Dominic Cummings is now 3/1 to leave the government by the end of next month.
One week on from Sajid Javid’s shock resignation as chancellor, which is widely believed to have been driven by Cummings, Boris Johnson’s senior aide continued to court controversy in Downing Street this week.
Ladbrokes is now offering odds as short as 3/1 for Cummings to quit or be sacked by 31 March.
The bookmaker said: "Barely a day goes by without a Cummings controversy at the moment. It's not out of the realms of possibility he leaves, but MPs who aren't his biggest fan may be kept waiting a little longer."
Cummings has been such a disruptive presence in Westminster that he is arguably talked about more than any other politician except Johnson himself.
Javid’s resignation last week focused attention on Cummings’ power in Number 10 like never before. He quit rather than obey a demand to fire his aides, something Javid said no “self-respecting minister” would do.
This was followed by the controversy surrounding the hiring of Downing Street adviser Andrew Sabisky, who was employed after Cummings made a callout for “weirdos and misfits” to apply for jobs in the government.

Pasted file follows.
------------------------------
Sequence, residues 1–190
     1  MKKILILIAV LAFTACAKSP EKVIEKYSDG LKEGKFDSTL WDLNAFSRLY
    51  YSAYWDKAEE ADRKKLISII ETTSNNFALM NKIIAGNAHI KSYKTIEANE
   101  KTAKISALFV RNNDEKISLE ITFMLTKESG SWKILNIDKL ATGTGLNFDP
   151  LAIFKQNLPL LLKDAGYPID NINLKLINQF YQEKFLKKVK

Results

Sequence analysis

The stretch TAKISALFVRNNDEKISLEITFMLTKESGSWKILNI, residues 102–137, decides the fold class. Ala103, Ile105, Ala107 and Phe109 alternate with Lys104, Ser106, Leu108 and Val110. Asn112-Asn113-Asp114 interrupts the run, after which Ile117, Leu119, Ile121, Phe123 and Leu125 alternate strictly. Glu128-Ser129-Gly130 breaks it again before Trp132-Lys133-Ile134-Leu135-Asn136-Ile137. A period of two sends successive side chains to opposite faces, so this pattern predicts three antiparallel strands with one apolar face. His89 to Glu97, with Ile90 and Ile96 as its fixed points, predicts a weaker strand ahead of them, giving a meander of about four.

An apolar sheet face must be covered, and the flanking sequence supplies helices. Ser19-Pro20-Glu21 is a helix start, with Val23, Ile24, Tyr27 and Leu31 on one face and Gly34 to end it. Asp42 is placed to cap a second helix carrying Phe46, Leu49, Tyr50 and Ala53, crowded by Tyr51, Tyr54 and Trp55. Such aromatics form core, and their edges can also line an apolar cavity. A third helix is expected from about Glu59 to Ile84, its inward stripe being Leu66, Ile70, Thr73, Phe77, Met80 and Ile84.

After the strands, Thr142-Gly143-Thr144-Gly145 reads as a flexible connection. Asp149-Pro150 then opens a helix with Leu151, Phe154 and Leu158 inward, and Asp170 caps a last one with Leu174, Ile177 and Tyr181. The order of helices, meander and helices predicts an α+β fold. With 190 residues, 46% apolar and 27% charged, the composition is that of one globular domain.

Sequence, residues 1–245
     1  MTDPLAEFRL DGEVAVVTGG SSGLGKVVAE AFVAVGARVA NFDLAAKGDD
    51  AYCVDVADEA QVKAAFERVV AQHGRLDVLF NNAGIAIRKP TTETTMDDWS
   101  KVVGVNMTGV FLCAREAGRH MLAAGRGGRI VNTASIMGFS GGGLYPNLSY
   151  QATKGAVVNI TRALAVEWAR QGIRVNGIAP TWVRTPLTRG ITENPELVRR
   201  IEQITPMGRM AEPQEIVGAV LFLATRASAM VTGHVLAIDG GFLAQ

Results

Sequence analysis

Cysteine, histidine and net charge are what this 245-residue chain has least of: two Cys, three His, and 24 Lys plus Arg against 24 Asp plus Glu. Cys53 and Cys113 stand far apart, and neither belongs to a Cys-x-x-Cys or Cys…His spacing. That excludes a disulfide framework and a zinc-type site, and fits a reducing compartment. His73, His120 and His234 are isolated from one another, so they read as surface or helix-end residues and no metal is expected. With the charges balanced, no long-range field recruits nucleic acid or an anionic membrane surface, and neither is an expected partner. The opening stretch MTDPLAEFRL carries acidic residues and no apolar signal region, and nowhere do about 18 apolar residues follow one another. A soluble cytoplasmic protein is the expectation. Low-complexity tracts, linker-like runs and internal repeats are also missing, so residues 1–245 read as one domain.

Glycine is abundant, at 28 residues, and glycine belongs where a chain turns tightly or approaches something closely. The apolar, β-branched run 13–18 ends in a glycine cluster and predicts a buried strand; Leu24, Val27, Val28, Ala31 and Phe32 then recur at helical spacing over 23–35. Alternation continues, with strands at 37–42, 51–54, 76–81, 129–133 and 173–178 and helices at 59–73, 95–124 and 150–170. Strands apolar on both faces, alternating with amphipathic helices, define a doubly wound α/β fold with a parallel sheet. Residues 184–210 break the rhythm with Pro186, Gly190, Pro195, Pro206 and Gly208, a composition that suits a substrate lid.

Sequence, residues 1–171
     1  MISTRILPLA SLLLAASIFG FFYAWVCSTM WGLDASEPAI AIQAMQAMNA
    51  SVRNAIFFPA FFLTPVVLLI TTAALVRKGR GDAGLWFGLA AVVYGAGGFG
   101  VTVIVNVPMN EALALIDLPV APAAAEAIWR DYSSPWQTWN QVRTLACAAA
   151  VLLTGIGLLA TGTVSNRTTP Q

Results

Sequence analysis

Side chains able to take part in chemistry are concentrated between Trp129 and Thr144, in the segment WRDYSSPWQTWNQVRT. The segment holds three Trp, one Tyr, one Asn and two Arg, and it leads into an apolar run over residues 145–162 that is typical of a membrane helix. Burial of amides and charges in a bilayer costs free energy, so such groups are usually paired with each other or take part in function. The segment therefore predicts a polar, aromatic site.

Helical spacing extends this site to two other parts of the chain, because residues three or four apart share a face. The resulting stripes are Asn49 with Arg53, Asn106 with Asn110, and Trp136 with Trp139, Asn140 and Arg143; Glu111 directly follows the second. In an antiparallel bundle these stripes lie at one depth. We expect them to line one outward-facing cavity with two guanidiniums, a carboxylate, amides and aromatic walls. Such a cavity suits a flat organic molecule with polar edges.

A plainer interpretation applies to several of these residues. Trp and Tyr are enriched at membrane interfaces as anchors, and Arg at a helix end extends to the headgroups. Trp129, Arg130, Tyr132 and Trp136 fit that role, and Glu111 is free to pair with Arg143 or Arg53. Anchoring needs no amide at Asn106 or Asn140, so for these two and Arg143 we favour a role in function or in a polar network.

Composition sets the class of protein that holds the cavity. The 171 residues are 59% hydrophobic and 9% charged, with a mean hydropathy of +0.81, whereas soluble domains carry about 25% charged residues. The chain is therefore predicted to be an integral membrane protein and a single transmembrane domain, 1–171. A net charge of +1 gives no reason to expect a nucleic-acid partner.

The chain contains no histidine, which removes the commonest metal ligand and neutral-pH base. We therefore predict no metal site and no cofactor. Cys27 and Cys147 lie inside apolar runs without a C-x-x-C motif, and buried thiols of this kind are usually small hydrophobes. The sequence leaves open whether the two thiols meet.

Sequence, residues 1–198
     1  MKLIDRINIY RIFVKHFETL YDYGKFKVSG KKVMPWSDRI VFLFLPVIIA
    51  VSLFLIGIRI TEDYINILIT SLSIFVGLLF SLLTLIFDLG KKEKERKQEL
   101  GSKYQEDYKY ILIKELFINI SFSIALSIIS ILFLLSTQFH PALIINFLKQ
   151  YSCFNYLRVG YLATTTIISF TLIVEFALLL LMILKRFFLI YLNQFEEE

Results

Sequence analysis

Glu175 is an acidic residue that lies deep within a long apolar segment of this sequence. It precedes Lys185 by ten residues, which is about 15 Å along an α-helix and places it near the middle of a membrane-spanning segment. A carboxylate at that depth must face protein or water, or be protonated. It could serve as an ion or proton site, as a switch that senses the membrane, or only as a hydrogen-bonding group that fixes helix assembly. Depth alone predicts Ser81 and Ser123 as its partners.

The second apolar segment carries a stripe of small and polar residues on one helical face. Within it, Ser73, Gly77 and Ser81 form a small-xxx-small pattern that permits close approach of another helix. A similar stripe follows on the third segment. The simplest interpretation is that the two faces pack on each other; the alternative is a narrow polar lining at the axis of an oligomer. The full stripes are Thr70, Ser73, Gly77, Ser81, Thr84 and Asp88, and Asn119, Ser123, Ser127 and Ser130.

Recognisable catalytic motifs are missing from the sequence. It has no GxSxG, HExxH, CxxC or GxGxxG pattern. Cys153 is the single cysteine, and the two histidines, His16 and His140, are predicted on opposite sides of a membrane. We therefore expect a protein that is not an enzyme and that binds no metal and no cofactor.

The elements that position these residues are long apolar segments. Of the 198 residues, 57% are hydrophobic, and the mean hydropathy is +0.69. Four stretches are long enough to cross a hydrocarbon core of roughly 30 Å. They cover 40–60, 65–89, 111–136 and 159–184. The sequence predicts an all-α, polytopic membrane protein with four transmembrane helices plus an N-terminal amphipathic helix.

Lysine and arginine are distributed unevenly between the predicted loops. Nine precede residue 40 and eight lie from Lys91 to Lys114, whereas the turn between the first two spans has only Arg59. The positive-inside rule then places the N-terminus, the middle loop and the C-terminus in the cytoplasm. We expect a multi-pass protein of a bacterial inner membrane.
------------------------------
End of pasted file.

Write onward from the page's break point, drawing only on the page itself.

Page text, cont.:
It transpired Sabisky had a history of offensive online remarks, including saying black Americans have lower IQs than white Americans, and a comment on Cummings’ blog in 2014 that compulsory birth control should be imposed to stop creating a “permanent underclass”.
Cummings hits out when asked about Sabisky
In a Yahoo News UK profile of Cummings last week, leading politics professor Tim Bale said of Cummings’ power in Downing Street: “He is extremely influential over Johnson.
“He was the man who many credit with Leave winning in 2016 [as campaign director of Vote Leave] and with the strategy Johnson has pursued since taking over as PM.
“He is someone who believes the institution of British government is dysfunctional, hasn’t caught up with the 21st century, and needs reform.
“He believes Number 10 should have more control over the ministries that make up government, which means more control over ministers themselves and their special advisers.”